Artwork Information

  • Title:

    Mother and Child

  • Artist:

    Cassatt, Mary

  • Artist Bio:

    American, 1844–1926

  • Date:

    about 1890

  • Medium:

    Oil on canvas

  • Dimensions:

    35 1/2 x 25 3/8 in.

  • Credit Line:

    Wichita Art Museum, Roland P. Murdock Collection

  • Object Number:


  • Display:

    Currently on Display

About the Artwork

The impressionist painter Mary Cassatt devoted much of her career to a modern redefinition of the ancient theme of motherhood.  Mother and Child is a particularly vibrant example of Cassatt’s signature work. She was an American artist of international influence, the only American participant in the French impressionist movement, and an independent spirit who achieved her own unique vision of the aspiration she shared with French colleagues Edgar Degas and Edouard Manet, and that was to express the heroism of modern life.

Although unpretentious in its literal details, the scene nonetheless achieves an aura of elemental dignity. In a gesture of unaffected tenderness, a plain-featured woman wearing a simple cotton print dress embraces her sleepy toddler, a blond robust youngster of indeterminate sex dressed in a simple white cotton shirt and nestles the child firmly on her lap. The two figures are presented close-up, their contours filling the picture frame. Behind them the artist has rendered the barest of interior detail in vigorous, sketchy brushwork: cropped views of a straight back chair, a small cloth-draped wash stand holding an undecorated ewer and basin, and in the upper right-hand corner, the edge of a wood-shuttered window.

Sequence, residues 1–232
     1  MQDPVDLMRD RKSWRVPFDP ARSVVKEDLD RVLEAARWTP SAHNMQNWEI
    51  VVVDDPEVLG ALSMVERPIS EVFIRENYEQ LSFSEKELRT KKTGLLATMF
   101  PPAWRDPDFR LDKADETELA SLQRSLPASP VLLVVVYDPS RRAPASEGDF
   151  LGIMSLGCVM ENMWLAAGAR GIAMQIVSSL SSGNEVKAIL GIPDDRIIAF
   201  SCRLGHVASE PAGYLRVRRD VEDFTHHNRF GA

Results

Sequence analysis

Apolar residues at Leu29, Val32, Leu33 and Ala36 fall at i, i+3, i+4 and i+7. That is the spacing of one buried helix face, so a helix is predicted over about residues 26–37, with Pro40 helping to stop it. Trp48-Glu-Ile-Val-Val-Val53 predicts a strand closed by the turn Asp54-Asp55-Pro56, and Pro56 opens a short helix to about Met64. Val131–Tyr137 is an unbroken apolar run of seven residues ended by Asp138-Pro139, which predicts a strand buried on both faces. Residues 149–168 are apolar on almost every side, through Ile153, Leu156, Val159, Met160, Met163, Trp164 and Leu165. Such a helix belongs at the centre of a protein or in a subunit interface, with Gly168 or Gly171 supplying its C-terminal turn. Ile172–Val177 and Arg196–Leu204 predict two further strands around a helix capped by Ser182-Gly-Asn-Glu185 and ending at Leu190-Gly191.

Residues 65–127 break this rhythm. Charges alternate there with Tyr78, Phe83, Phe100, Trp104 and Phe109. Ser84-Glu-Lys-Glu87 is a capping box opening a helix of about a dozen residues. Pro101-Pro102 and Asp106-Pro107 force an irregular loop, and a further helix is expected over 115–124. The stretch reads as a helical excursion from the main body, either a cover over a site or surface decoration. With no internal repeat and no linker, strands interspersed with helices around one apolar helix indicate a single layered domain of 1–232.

Cassatt’s choice of subjects and setting evoked for her upper middle class audience a picture of the contemporary and the commonplace. The mother’s appearance suggested that of a country woman or domestic servant. She and her nondescript furnishings, as well as the studied casualness of impressionist brushwork removed the scene far from the sacred, picturesque, or refined realms familiar to concurrent Salon conceptions of motherhood.

Cassatt also eschewed conventional sentimentality by imposing a solemnity of rhythm and stable unity upon the moment-to-moment sensations of touching, holding, and embracing. Conscious and unconscious caresses proceed in a litany of check against nodding head, small hand grasping mother’s chin, small relaxed hand and arm resting atop mother’s large anchoring hand, with the latter in its turn set atop her second hand as it muscularly grasps the baby’s thigh. The two bodies lean into one another forming an easy yet firm dovetail that functions compositionally and symbolically as an indissoluble unit.